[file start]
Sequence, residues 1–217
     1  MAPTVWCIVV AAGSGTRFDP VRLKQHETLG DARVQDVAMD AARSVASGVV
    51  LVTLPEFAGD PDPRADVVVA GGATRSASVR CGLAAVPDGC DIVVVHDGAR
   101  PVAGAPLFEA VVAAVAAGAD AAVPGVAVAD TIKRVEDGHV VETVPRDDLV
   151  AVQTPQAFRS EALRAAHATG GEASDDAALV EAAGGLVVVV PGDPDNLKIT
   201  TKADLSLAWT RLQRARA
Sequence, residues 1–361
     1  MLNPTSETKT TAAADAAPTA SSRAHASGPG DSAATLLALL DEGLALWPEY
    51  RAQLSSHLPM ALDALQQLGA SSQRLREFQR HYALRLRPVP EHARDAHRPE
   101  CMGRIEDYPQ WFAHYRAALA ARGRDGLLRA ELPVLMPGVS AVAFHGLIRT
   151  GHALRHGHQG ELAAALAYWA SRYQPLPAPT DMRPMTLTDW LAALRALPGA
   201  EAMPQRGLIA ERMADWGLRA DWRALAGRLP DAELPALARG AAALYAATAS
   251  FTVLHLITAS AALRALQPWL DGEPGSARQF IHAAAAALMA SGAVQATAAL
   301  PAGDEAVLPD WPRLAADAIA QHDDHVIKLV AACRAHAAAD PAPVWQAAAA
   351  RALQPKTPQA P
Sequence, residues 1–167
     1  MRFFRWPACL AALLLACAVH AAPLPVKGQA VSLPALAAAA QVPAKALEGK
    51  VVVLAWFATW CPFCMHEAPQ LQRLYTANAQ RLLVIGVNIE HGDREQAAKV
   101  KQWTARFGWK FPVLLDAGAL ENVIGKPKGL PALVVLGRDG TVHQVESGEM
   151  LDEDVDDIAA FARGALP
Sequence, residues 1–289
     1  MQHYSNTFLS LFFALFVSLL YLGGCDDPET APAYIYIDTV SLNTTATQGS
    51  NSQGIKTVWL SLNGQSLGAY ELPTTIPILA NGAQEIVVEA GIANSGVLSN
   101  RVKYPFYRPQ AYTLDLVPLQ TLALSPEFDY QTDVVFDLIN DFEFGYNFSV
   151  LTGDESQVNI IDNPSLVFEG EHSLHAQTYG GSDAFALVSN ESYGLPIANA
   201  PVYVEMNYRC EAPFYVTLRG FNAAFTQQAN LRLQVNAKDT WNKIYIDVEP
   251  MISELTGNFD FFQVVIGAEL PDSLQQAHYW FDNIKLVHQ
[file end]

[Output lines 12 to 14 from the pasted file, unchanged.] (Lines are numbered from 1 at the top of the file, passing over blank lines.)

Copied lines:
   201  EAMPQRGLIA ERMADWGLRA DWRALAGRLP DAELPALARG AAALYAATAS
   251  FTVLHLITAS AALRALQPWL DGEPGSARQF IHAAAAALMA SGAVQATAAL
   301  PAGDEAVLPD WPRLAADAIA QHDDHVIKLV AACRAHAAAD PAPVWQAAAA